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Describe your journey to becoming a teacher. What is the path that led you to Relay?
While my parents are total jokesters, school was serious business in my home. My dad went to college on a full scholarship, working as a nighttime New York City taxi driver to pay living expenses. Using her father’s G.I. Bill funds for tuition, my mom graduated undergrad in three years, and was a college professor by the time she was my age. My parents made sacrifices for my sister and me to get the best education possible — enrolling us in the best schools they could find, sometimes even moving towns to do so.
From high school, I felt passionate about advancing educational equity. In the student political organization I worked with, I debated resolutions advocating fair funding across school districts (a dire issue where I grew up). My first college internship was at President Obama’s Department of Education, where I did policy research on teacher preparation programs at HBCUs. Other factors along the way — teaching middle school and high school students in various capacities throughout college as well as a an inspiring campus visit from Cory Booker and a transformative friendship I made while studying abroad in Brazil — also pushed me towards teaching.
When I picked Teach For America as my route to the classroom, I wanted to be in a region where I could benefit from Relay’s classroom-proven, cutting-edge, practice-based approach to teacher training. I had read an article in the New York Times about Relay’s commitment to academic and character success for all kids, and the program’s innovative, technology-infused approach to getting there, so when I was placed to teach at KIPP:NJ and given access to Relay, I was pumped to get the ball rolling with their stickily-named engagement strategies, morning motivational folktales, and high bars for character and academic excellence.
What is one way that Relay has impacted you?
Dean Verrilli taught a lesson to my Relay class on one-on-one behavior interventions. I think it was called, “Break down the behavior and build up the child.” The attention paid to the minutiae of communication — from tone to facial expression to eye contact — taught me the importance of being hyper-intentional about and aware of all the ways I communicate with kids. Tweaking my conversations to more thoughtfully shift mid-intervention from serious to empathetic tone, and from stern eye contact to the “I believe in you” smile, catapulted the effectiveness of my one-on-one interventions.
Who are the people in your life that have made your journey as an educator possible?
Above I shared some of the ways my parents helped me reach where I am today, but I also have to credit some amazing friends, teachers, and leaders that supported me along the way. One friend is Ana Claudia, a classmate of mine from when I studied abroad in Rio de Janeiro. Ana Claudia’s amazing story of overcoming seemingly insurmountable obstacles to graduate high school, secure a scholarship for college, and then choose to become a teacher herself helped inspire me to pursue a similar path.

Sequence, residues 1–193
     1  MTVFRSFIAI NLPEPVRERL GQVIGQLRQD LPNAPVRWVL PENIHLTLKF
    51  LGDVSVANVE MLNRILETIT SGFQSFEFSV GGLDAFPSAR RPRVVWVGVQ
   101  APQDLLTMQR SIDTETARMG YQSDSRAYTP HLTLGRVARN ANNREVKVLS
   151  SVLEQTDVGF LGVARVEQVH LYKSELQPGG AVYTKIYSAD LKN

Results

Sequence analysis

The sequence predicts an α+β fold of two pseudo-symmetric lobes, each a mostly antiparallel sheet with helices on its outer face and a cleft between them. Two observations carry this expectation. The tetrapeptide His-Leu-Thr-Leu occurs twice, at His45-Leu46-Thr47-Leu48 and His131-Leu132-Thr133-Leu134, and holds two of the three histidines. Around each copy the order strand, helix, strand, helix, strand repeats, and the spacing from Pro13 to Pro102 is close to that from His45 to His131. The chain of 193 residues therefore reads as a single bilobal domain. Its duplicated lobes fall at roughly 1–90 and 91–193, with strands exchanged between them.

What do you do to continue developing your craft?
When I taught third grade, I loved using field trips and interactive Saturday Schools to get kids excited about learning. Now I work full time designing and managing 2-week long project-based learning experiences for New Haven public school students as part of the Achievement First Greenfield Expeditions team. It’s my passion to leverage community assets — artists, research labs, dancers, museums, nature centers, you name it! — to bring content to life and catalyze rich curiosity and understanding in students. Much of my development now comes from books: checking out and reading all the books from the library on a topic I’m working on has fed me numerous valuable planning ideas. I also seek out best practices from educators themselves — asking around for names of great educators and swinging by their classroom to observe is another tool of choice. Local organizations, like museums, nature centers, theater companies, art studios, etc., have also proven to be invaluable resources in helping me develop engaging ways for content to come alive.
What is your signature teacher move?
The disco finger has a special place in my heart.
What keeps you doing this work?
This Cory Booker quote keeps me motivated: “You are the physical manifestation of a conspiracy of love. That people whose names you don’t even know, who struggled for you, who fought for you, who sweat for you, who volunteered for you, you are here because of them. Do not forget that.
What do you want others to know about your students?
Both in coordinating field trips as a teacher and organizing expeditions now, on a few occasions I encountered adults from outside organizations who did not seem to regularly work with kids of color. These situations have required me to have some direct, albeit respectful, conversations with other white people addressing their perceptions of our students’ families, communities, and abilities. I’ll say here what I’ve said then: my kids can do anything yours can, and likely better. So many of my students have outstanding moms, dads, aunts, grandparents, and siblings that go to enormous lengths to make sure they have the education and experiences that will set them up to succeed in life. My students are also astoundingly diverse. They are not only readers and mathematicians, but actors, painters, chefs, dancers, scientists, activists, and so much more. Let’s take the time to learn about each child and her story and fears and interests, and let’s do everything in our power to break down barriers, unleash potential, and help them make their dreams come true.
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